Opinion: Think fresh, healthy foodWhether it’s the obesity epidemic in this country or just a desire to become healthier, people are seeking ways to eat better.
Whether it’s the obesity epidemic in this country or just a desire to become healthier, people are seeking ways to eat better.
One idea from Take Off Pounds Sensibly (TOPS) Club, Inc., is to patronize local farmers markets. They provide less-processed, flavorful produce and other farm-fresh products adding variety to diets and keeping customers on track with healthy choices. Here are some reasons to buy local:
—It comes direct from the farmer or grower. Trust the produce to be fresh and learn more about where it comes from.
—The products haven’t had a long journey. It’s safe to assume the food hasn’t traveled long distances to get there. This reduces energy consumption to transport them and decreases the time between harvest and consumption.
—Vendors offer recently harvested produce. Reducing the time between when the food is picked and when it’s consumed helps ensure the nutrients have been preserved.
—It supports the local economy. Many markets put a mileage limit on vendors, ensuring the food is from the area. By purchasing food at a nearby farmers market, patrons are giving money to neighborhood farmers and stimulating the local economy.
—Farmers and growers are the best resource. In making food choices, take time to talk to local vendors about their products. Ask them about the growing process and when the food was picked. Many of them are also a great resource for cooking tips or recipes.
—Buyers can try new foods. A farmers market is a great opportunity to learn about foods never seen and to purchase items to spice up a refrigerator or kitchen pantry. It keeps meals interesting.
—They offer seasonal produce. Vendors offer vibrant fruits and vegetables changing with the season. When foods are in season, they are more colorful and flavorful. At a conventional store, it can be difficult to determine what foods are in season.
Some suggestions for the shopping list are as follows:
—Heirloom tomatoes. Add variety to a salad or vegetable platter. Unlike store-bought tomatoes, each heirloom looks and tastes different than the rest. They’re also a great source of numerous vitamins and minerals, and contain lycopene, which studies show may lower the risk of certain cancers and cardiovascular disease.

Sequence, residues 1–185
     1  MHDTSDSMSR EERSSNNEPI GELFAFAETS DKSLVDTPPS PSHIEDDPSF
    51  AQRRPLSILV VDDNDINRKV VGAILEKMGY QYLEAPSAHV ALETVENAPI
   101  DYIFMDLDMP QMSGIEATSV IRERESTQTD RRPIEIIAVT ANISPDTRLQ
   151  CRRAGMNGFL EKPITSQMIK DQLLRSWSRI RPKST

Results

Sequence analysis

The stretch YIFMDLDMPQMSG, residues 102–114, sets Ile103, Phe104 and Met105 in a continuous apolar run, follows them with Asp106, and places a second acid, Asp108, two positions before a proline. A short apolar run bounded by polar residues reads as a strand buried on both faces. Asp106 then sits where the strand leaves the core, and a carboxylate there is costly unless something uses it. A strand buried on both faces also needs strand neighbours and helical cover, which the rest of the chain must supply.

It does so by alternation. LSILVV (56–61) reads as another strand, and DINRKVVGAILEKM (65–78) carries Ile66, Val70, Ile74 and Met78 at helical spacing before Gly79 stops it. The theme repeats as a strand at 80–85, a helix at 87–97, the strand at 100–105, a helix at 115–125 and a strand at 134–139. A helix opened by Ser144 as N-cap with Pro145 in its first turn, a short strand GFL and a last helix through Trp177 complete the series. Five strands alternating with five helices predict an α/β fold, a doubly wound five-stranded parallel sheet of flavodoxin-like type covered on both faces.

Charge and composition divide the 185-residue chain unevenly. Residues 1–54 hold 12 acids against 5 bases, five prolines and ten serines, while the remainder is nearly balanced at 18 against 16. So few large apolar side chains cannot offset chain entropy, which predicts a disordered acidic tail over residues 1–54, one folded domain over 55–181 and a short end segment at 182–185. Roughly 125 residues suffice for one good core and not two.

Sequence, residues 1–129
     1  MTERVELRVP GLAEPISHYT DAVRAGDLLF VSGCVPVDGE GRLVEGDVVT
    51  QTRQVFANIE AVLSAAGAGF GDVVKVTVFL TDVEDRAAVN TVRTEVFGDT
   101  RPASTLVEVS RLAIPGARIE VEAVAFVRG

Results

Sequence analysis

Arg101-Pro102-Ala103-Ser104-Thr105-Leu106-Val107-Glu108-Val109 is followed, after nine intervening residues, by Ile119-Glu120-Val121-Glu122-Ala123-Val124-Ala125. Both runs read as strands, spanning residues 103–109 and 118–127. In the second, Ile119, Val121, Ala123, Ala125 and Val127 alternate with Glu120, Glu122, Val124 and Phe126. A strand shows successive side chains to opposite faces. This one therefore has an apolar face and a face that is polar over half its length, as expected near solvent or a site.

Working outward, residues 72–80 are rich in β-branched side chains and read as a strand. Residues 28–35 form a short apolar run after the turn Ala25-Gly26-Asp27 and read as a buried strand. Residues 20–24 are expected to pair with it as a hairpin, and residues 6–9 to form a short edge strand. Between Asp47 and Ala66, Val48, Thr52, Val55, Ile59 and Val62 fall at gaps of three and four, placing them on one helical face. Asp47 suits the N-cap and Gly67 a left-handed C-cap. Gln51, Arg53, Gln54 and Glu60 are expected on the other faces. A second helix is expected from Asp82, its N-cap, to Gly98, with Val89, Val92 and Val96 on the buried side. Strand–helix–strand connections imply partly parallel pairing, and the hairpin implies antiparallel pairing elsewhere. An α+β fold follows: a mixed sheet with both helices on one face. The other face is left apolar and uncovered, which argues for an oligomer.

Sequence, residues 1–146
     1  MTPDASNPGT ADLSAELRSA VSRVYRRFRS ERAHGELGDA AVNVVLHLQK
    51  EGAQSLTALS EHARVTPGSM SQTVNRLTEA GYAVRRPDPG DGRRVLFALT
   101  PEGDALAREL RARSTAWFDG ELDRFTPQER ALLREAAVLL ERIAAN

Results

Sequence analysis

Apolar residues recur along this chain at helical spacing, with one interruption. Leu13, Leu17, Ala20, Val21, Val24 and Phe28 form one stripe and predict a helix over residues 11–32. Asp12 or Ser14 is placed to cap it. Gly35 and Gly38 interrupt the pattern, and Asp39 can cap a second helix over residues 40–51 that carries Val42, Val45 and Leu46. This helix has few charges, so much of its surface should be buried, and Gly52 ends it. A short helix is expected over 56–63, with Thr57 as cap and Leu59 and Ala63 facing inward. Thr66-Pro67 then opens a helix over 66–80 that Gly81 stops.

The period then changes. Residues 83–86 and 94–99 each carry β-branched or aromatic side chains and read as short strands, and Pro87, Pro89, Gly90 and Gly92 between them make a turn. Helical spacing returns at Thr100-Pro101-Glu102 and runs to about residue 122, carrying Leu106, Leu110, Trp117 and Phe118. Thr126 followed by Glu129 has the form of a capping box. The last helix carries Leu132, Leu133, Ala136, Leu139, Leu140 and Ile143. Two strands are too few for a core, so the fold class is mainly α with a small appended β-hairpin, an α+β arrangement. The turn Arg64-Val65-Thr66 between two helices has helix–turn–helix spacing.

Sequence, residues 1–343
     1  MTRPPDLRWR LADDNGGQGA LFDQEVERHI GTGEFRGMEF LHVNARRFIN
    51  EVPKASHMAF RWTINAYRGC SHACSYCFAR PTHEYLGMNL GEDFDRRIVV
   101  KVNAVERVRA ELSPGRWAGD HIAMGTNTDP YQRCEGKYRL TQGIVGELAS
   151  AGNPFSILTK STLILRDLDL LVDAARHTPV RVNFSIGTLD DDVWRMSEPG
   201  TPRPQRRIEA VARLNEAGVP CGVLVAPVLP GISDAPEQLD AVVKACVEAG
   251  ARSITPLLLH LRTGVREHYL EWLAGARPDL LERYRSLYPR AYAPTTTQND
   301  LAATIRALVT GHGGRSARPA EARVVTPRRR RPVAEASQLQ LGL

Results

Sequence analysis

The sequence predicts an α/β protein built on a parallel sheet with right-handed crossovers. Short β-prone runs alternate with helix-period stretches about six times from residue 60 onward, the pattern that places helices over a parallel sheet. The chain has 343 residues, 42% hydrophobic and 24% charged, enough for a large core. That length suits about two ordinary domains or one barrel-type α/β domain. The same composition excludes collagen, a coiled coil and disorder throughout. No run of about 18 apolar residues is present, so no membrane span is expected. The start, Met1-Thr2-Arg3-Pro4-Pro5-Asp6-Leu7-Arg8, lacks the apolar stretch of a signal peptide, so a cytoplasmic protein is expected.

—Raw honey. This is honey in its purest form. Not only does raw honey contain vitamin B, amino acids and minerals like iron and potassium, but it also has antibacterial and antifungal properties.
—Free-range eggs. A test by “Mother Earth News” magazine suggests eggs from grass-fed, free-range chickens, on average, have one-third of the cholesterol and one-fourth of the saturated fat of conventional eggs. They also contain omega-3 fatty acids.
—Fresh herbs. Basil, sage, cilantro and other spices and herbs are a great way to boost a meal’s flavor without adding calories. They are also gaining attention for their potential to decrease inflammation, reduce the risk of cancer, fight heart disease and more.
—Beets. These are a unique source of betaine and folate, nutrients helping to protect against heart disease. Grate raw beets for a colorful addition to a salad or marinate them in lemon juice, olive oil and fresh herbs.
—Swiss chard. Like spinach, Swiss chard is rich with nutrients, including vitamins K, A and C. Use boiled Swiss chard in omelets to add some zest or mix it with whole grain pasta.
—Homemade bread. Buy homemade whole grain bread from the farmers market. Whole grains are a source of fiber and other nutrients, including potassium and magnesium. They can help lower the risk of cancer, protect against heart disease and maintain a person’s weight.
—Rhubarb. This brightly-colored, celery-like food is a source of vitamins C and K, calcium and fiber. Although it’s a common pie ingredient, rhubarb can also be served as chutney for meat or a topper for yogurt.